Arts Commission prioritizes restoration of iconic public art
Sandy takes a lot of pride from its location on the historic Oregon Trail, and one way that is depicted is in the 1993 mural by Roger Cooke featured on the back of ACE Hardware on Meinig Avenue.
Recently, while making an inventory of public art in Sandy, the newly formed city Arts Commission noticed that the mural, entitled "Peaceful Vistas," is starting to show its age with paint falling off in some places.
Since Cooke is no longer around to preserve his work, three volunteers, including Arts Commissioners Becky Hawley and Pamela Smithsted and local artist Micaiah Meyer, have taken it upon themselves to restore the mural.
The work is the first project of this kind for the Arts Commission.
"Our first mission is to get the public art we have restored," Hawley told The Post. "The condition of the ("Peaceful Vistas") mural made it the first priority. If we don't get it repaired this year, we'll be losing the original mural itself."
The mural was originally commissioned of Cooke by the Sandy Arts Society, and, Hawley noted, "the details are intact because of the quality of paint used."
"Fortunately, we have a really good blueprint then for restoration," she added.
Hawley, Smithsted and Meyer began work on the mural this past weekend, July 27-28, by sealing over what's left of the artwork.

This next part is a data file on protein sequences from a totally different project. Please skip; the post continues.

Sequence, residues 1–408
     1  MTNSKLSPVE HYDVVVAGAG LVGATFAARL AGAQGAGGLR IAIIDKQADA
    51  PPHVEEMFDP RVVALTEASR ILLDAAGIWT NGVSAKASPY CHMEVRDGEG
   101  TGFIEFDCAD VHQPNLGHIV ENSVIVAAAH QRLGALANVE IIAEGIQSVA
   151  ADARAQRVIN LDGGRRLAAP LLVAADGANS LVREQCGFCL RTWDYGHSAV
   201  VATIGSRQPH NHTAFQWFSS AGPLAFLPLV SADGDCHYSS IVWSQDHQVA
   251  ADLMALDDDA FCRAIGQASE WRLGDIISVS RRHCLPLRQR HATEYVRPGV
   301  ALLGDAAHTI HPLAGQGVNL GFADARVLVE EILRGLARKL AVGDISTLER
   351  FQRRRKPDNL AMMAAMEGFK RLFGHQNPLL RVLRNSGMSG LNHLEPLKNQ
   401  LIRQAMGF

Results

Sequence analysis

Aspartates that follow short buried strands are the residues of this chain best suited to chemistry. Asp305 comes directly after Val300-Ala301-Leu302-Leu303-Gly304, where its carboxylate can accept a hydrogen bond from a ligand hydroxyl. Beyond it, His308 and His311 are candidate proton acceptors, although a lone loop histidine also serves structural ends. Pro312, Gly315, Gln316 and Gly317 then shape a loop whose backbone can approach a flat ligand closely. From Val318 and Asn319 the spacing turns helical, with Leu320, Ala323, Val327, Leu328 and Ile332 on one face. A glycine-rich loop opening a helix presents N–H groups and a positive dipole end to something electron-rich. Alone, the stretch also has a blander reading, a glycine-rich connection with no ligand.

The volunteers are not being compensating for the restoration, but the project itself has pulled money from the minimal Sandy Arts Commission budget. Funding for future preservation of the mural has not been allocated. The commission estimated the cost of restoration at $1,500.
"The Sandy Arts Commission felt this was an emergency," Hawley noted. "There was no time for fundraising or finding grants. We have the funding to get the paint back on, but we do need a small amount of money to do a UV protective seal and (anti-)graffiti coat."
Hawley and her colleagues are taking donations to create a fund for future preservation work on the mural and also purchase a plaque to recognize the history of the artwork.
According to Hawley, murals like "Peaceful Vistas," even when created with quality paints, have an expected life of about 20-30 years. With future projects, the Arts Commission hopes to make maintenance of public art "important upfront."
"In the 1990s, murals were just shooting up all around the Northwest, and in small towns especially," she said. "We're hoping to extend the life of this mural out for another generation of people. It helps us preserve a little bit of our history. What we do today is history for tomorrow."
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